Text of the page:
NEW YORK – Automakers may have no chance of matching last year’s record United States sales, but they’re still selling lots of expensive trucks and sport utility vehicles, and that’s good news for investors.
Industry sales look like they will be down about 1 percent to an annualized selling rate of 16.6 million vehicles in June, General Motors Co. estimated as automakers filed their reports for the month. That’s not strong enough to spur another all-time high in 2017 but it could still be one of the best years in U.S. history. Investors seized on the news and pushed GM and Ford Motor Co. up more than 3 percent.
“The market is holding up very well,” said Michelle Krebs, senior analyst at Autotrader, an auto-pricing website. “We expected this kind of decline last year and we got an extra year of growth, so it’s pretty strong overall.”
Most major automakers reported better sales than analysts had estimated for June following a five-month streak of industry declines, with demand for roomier SUVs and pickup trucks doing most of the heavy lifting. Low unemployment, rising consumer confidence and an unexpected boost in orders at American factories all say that the economy is strong enough to keep car sales moving at a robust pace, even though it has softened from last year.
“We’re pretty optimistic turning the corner into the second half,” Bill Fay, the head of Toyota-brand sales in the U.S., said on a Monday call with reporters. The automaker is sticking to its industry forecast of 17.1 million sales this year.
Collapsing demand for sedans and coupes by American consumers and rental-car companies have produced small declines in U.S. sales volumes every month this year, and while second-half promotions are unlikely to reverse what looks like a permanent shift, the industry is still outperforming estimates. Among the six top sellers in the U.S., only GM missed analysts’ predictions.
Toyota Motor Corp.’s deliveries climbed 2.1 percent in June, while Honda Motor Co. sales rose 0.8 percent from the same month last year, both surpassing analyst estimates. Nissan Motor Co., which had been expected to record a drop, saw sales rise 2 percent instead. Deliveries of Toyota’s RAV4 spiked 25 percent while Honda’s HR-V saw a 35 percent gain.
Sales at Ford slipped 5 percent, but even that was less than the drop analysts had been estimating. A 14 percent slide in sales to fleet customers drove Ford’s decline. Sedan sales at Ford plunged almost a quarter, while deliveries of Ford’s biggest money maker, the F-Series truck line, rose 9.8 percent.
“That dramatic shift into SUVs and trucks, which transact at a higher level generally, is not overcoming the overall weakness in cars,” Mark LaNeve, Ford’s U.S. sales chief, told analysts and reporters on a conference call Monday. “That trend is being played out across the industry.”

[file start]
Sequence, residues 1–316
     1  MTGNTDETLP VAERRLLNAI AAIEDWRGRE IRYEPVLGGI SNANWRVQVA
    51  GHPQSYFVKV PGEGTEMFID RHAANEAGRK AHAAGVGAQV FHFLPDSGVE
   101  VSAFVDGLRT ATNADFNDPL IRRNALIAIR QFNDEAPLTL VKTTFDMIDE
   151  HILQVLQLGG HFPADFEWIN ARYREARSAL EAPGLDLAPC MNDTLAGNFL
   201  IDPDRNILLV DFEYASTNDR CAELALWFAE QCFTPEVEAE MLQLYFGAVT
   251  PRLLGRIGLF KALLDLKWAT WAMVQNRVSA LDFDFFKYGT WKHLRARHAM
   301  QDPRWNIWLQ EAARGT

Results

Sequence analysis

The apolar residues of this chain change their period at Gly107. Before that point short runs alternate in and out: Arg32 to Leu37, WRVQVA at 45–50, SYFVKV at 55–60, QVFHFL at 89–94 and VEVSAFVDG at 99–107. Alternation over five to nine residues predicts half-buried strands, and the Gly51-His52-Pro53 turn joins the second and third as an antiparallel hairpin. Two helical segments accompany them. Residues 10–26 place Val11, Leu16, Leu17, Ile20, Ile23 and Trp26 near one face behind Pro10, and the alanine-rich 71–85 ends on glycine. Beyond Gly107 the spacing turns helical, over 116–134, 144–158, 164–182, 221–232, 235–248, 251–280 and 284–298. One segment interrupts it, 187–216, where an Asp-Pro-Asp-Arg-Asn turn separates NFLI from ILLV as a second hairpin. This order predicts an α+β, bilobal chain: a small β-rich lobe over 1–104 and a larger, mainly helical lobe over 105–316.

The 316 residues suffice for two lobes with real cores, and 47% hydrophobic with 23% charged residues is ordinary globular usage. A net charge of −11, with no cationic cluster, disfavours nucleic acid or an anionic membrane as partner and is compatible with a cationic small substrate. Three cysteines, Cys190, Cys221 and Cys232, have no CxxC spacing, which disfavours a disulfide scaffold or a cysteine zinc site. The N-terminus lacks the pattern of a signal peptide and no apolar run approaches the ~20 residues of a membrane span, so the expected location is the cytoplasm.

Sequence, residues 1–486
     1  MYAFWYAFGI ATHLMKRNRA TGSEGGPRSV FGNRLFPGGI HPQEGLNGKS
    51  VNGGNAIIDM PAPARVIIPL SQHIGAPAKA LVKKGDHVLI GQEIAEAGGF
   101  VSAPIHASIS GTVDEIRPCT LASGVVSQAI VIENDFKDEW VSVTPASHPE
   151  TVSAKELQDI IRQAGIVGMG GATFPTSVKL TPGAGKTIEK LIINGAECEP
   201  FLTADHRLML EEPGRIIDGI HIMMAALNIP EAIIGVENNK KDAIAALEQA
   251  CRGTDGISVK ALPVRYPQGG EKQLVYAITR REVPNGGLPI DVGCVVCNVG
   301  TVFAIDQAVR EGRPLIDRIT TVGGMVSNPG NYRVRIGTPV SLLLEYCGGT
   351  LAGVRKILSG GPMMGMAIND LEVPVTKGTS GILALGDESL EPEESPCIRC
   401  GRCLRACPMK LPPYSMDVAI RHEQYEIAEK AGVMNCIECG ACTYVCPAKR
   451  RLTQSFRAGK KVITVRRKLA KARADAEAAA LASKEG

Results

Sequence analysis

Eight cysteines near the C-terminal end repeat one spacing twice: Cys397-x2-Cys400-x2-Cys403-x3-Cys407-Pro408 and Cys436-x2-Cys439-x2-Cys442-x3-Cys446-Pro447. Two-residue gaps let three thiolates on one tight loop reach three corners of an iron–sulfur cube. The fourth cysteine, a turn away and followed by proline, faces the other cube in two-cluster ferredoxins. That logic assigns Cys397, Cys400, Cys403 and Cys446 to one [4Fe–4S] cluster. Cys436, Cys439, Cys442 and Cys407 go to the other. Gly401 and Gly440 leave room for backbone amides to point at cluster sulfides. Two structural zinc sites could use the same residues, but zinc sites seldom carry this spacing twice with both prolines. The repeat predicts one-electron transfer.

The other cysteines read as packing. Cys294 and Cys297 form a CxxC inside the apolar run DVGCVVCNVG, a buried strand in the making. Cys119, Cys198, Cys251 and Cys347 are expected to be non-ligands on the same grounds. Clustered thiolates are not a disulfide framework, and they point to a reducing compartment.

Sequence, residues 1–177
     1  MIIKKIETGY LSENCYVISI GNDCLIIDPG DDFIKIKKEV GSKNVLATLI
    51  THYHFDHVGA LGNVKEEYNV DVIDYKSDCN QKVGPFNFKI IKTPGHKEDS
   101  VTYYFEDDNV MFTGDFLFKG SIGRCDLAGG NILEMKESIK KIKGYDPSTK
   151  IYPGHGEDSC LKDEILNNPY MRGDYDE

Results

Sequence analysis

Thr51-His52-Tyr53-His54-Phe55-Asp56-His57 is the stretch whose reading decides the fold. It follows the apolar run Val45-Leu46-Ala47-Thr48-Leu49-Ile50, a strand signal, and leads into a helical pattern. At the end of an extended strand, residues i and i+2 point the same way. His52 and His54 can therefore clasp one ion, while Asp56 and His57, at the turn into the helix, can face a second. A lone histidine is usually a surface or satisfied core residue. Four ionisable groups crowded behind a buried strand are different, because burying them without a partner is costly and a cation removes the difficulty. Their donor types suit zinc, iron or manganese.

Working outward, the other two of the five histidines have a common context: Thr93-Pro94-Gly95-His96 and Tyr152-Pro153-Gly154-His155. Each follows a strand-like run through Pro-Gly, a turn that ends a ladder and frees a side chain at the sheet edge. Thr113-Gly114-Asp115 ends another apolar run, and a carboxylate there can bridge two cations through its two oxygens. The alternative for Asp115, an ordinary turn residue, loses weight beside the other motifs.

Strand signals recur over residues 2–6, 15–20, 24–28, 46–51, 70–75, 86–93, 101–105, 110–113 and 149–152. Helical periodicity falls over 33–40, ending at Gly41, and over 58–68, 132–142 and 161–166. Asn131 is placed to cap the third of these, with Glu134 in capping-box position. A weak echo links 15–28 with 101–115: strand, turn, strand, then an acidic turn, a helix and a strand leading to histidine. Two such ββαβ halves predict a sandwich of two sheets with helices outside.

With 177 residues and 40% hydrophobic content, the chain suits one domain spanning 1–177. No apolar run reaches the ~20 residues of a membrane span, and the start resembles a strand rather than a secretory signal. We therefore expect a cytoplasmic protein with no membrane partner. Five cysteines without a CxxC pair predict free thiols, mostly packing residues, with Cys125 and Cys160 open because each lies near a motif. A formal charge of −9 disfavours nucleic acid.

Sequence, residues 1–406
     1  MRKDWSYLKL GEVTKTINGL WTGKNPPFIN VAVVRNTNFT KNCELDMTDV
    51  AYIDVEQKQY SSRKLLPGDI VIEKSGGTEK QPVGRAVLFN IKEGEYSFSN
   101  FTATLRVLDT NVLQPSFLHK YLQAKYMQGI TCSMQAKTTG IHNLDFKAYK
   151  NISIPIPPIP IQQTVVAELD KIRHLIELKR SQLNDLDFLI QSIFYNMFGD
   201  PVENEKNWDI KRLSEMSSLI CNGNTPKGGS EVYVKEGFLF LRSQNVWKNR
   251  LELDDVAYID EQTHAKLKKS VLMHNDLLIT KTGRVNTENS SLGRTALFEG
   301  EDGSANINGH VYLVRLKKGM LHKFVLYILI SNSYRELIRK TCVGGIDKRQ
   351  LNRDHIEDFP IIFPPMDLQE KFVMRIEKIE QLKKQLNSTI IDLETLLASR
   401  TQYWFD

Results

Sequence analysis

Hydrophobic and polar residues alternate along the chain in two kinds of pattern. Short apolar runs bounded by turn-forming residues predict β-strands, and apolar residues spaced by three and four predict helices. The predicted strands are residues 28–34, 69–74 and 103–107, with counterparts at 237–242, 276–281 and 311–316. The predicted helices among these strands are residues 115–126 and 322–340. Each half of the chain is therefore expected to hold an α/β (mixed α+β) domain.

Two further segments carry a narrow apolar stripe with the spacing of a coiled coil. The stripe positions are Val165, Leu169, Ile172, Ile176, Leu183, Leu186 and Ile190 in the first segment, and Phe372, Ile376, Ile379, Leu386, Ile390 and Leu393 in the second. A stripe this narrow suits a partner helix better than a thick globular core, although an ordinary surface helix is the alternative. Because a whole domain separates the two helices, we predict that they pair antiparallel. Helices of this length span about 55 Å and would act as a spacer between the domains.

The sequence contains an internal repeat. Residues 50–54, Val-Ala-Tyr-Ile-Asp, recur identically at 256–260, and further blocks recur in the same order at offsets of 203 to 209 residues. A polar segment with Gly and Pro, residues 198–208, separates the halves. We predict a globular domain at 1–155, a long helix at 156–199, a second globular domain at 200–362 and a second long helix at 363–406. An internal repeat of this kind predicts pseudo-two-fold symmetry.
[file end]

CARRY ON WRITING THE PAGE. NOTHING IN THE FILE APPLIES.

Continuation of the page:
GM sales dropped 4.7 percent, more than analysts forecast, as it curtailed fleet sales. Its truck-focused GMC brand reported a 3.6 percent drop and passengers cars like the Chevrolet Malibu family sedan and Cruze compact fell by more than 30 percent. Still, average transaction prices rose about $400 each as it sold more big vehicles, GM said.
Fiat Chrysler Automobiles NV, which had been expected to report the biggest sales drop at 7.9 percent, narrowly beat estimates with a 7.4 percent slide.
Among the biggest automakers, only Toyota and Honda had been expected to report increases in June deliveries. Volkswagen AG, the world’s biggest automaker but still a smaller player in the U.S., saw its combined VW and Audi brand sales rise with the addition of the VW Atlas SUV that is made in Chattanooga, Tennessee.
GM, Ford and Fiat Chrysler are all shortening summer shutdowns or forgoing them altogether at some U.S. plants that make popular SUVs and pickups as demand for the bigger vehicles continues to chug along. At the same time, several car plants are bracing for a cut in summertime shifts and output as manufacturers try to align supply with still-slumping passenger-car demand.
“It’s been encouraging to see the level of discipline we’ve seen so far. We have seen a targeted cutback in production,” Kelley Blue Book analyst Alec Gutierrez said on a Monday call. “There is recognition that the market is cooling off a bit.”
The full-year total of 17.2 million analysts have been projecting would end a seven-year winning streak for the auto sector but would still mark the fourth-best year on record. The industry sold 17.55 million cars and light trucks last year.
“It doesn’t look like there’s any indication that we would gain enough momentum as an industry in the second half to eclipse last year,” LaNeve said.
Jamie Butters and David Welch are reporters for Bloomberg News.